Louis Lebègue Duportail facts for kids
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Louis Lebègue de Presle Duportail
|1st Minister of War|
25 May 1791 – 7 December 1791
|Preceded by||Office established|
|Succeeded by||Louis de Narbonne-Lara|
|41st Secretary of State for War|
16 November 1790 – 25 May 1791
|Preceded by||Jean-Frédéric de la Tour du Pin-Gouvernet|
|Succeeded by||Office abolished|
|2nd Chief of Engineers|
22 July 1777 – 10 October 1783
|Preceded by||Rufus Putnam|
|Succeeded by||Stephen Rochefontaine|
14 May 1743|
Pithiviers, Kingdom of France
|Died||12 August 1802(aged 59)|
|Allegiance|| Kingdom of France
|Branch/service||French Army, US Army|
|Years of service||1765–1790|
|Battles/wars||American Revolutionary War|
Louis Antoine Jean Le Bègue de Presle Duportail ( 14 May 1743 – 12 August 1802) was a French military leader who served as a volunteer and the chief engineer in the Continental Army during the American Revolutionary War. He also served as the last French Secretary of State for War and first Minister of War during the beginning of the French Revolution.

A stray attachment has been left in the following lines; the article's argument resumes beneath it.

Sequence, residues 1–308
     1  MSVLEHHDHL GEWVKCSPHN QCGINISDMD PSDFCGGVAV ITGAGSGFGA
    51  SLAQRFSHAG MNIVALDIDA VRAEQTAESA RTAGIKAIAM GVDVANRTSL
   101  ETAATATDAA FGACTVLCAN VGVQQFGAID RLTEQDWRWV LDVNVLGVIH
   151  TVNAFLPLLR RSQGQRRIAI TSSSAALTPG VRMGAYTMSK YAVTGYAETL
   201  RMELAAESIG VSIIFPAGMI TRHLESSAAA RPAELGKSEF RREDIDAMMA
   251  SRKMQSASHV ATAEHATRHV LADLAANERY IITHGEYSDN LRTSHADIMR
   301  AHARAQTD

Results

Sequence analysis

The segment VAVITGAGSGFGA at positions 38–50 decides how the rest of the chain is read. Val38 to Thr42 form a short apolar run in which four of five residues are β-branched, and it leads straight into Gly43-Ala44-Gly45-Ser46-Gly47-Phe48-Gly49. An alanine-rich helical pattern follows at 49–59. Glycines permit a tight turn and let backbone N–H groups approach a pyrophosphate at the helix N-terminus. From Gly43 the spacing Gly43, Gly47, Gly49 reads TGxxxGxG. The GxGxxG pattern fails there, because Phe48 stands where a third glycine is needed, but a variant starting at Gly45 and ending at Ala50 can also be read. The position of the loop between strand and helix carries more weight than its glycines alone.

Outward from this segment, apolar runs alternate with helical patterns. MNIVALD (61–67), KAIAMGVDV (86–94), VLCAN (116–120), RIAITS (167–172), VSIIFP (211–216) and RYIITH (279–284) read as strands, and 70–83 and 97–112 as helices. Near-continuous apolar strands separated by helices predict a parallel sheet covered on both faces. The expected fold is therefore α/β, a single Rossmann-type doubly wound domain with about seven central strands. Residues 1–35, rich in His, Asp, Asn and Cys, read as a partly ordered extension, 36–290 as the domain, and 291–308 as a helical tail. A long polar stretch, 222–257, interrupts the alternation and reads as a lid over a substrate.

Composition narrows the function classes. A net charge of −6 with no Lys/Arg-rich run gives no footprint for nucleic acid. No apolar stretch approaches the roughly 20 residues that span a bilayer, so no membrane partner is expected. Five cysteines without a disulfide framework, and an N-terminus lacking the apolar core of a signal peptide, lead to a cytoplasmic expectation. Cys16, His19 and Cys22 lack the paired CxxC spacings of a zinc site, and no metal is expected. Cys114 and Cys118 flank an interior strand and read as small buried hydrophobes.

Duportail was born near Orléans, France, in 1743. He graduated from the royal engineer school in Mézières, France, as a qualified engineer officer in 1765. Promoted to lieutenant colonel in the Royal Corps of Engineers, Duportail was secretly sent to America in March 1777 to serve in Washington's Continental Army under an agreement between Benjamin Franklin and the government of King Louis XVI of France. He was appointed colonel and commander of all engineers in the Continental Army, July 1777; brigadier general, November 17, 1777; commander, Corps of Engineers, May 1779; and major general (Brevet), November 16, 1781.
Duportail participated in fortifications planning from Boston, Massachusetts to Charleston, South Carolina, where he was captured following the surrender of the city in May 1780, and helped Washington evolve the primarily defensive military strategy that wore down the British Army. Subsequently exchanged, he also directed the construction of siege works at the Battle of Yorktown, site of the decisive Franco-American victory of the Revolutionary War. During the encampment at Valley Forge in late-1777 and early-1778, his headquarters was at Cressbrook Farm.
Returning to France in October 1783, Duportail became an infantry officer and in 1788 a Marechal-de-Camp (Brigadier General). He served as France's minister of war from November 16, 1790, through December 7, 1791, during the beginning of the French Revolution and promoted military reforms. Forced into hiding by radical Jacobins, he escaped to America and bought a farm near Valley Forge, Pennsylvania. He lived there until 1802, when he died at sea while attempting to return to France.
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